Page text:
Race, Gender, and Sex Education in 20th-Century America
Summary and Keywords
A concerted movement to promote sex education in America emerged in the early 20th century as part of a larger public health movement that also responded to the previous century’s concerns about venereal disease, prostitution, “seduction,” and “white slavery.” Sex education, therefore, offered a way to protect people (especially privileged women) from sexual activity of all kinds—consensual and coerced. A widespread introduction into public schools did not occur until after World War I. Sex education programs in schools tended to focus on training for heterosexual marriage at a time when high school attendance spiked in urban and suburban areas. Teachers often segregated male and female students.
Beyond teaching boys about male anatomy and girls about female anatomy, reformers and educators often conveyed different messages and used different materials, depending on the race of their students. Erratic desegregation efforts during the Civil Rights movement renewed a crisis in sex education programs. Parents and administrators considered sexuality education even more dangerous in the context of a racially integrated classroom. The backlash against sex education in the schools kept pace with the backlash against integration, with each often used to bolster the other. Opponents of integration and sex education, for example, often used racial language to scare parents about what kids were learning, and with whom.
In the 1980s and 1990s, the political power of the evangelical movement in the United States attracted support for “abstinence-only” curricula that relied on scare tactics and traditional assumptions about gender and sexuality. The ever-expanding acceptance (both legal and social) of lesbian, gay, bisexual, or transgender identity directly challenged the conservative turn of abstinence-until-marriage sex education programs. The politics of gender, race, class, and sexual orientation have consistently shaped and limited sex education.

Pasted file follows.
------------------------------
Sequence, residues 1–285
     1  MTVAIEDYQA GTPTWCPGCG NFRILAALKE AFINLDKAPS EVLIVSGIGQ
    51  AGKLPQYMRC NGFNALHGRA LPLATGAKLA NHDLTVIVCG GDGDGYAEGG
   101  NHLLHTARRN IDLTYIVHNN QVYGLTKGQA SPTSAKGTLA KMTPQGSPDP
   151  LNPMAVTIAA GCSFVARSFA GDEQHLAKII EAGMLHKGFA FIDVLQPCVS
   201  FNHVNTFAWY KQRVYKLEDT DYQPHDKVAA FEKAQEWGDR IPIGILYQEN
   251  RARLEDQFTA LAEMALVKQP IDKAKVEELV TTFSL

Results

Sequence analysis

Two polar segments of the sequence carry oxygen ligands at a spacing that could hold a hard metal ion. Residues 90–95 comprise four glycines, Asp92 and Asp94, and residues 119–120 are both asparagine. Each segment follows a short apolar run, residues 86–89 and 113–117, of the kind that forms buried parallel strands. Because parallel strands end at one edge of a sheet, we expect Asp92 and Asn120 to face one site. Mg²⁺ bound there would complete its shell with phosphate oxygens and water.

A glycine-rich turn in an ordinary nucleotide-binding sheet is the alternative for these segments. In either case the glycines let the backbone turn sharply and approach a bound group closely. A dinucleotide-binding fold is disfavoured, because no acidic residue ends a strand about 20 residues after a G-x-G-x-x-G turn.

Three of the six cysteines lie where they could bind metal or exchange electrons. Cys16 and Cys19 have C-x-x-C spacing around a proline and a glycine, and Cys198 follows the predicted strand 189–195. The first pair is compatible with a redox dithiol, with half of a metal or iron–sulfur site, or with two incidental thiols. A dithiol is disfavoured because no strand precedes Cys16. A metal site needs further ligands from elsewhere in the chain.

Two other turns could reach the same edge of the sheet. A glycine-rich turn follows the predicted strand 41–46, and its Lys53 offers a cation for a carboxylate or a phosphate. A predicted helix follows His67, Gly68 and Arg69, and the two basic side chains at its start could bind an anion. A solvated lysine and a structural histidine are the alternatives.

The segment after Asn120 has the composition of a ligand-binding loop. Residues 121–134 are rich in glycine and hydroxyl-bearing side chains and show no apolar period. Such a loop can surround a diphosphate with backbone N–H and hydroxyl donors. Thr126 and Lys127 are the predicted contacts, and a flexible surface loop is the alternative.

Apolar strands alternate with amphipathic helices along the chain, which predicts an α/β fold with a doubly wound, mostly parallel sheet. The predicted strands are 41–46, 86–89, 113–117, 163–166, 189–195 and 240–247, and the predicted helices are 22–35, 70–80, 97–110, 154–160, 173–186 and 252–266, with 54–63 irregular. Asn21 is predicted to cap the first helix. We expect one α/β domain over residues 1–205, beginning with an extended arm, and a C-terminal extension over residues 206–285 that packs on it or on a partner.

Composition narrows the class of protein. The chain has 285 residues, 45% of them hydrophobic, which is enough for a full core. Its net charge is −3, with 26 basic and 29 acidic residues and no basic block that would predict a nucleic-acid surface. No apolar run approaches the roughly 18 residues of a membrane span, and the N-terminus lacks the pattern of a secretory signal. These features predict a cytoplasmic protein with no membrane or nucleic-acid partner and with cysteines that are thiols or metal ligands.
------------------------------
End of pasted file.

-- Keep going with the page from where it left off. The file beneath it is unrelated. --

The Roots of Sex Education in the United States
The development of sex education in the United States has consistently tracked contemporary political and scientific ideas about gender and race. Scientists, reformers, and educators have long understood sexuality as a biological function, however profoundly it has been shaped by prevalent stereotypes and cultural understandings about race and sex. Thus, sex education developed in a restrictive, segregated milieu.
The sex education movement in the United States initially developed outside of schools. Aimed at adults, medical home reference books and marriage manuals grew in the 19th century along with the burgeoning publishing industry and rising literacy rates. However, sex education materials were limited by the 1873 Comstock laws, which broadly defined obscenity to include information about contraception and abortion.1 Authors turned to the black market or euphemistic workarounds to communicate, as clearly as possible, medical and marital advice about pregnancy, contraception, and venereal infections.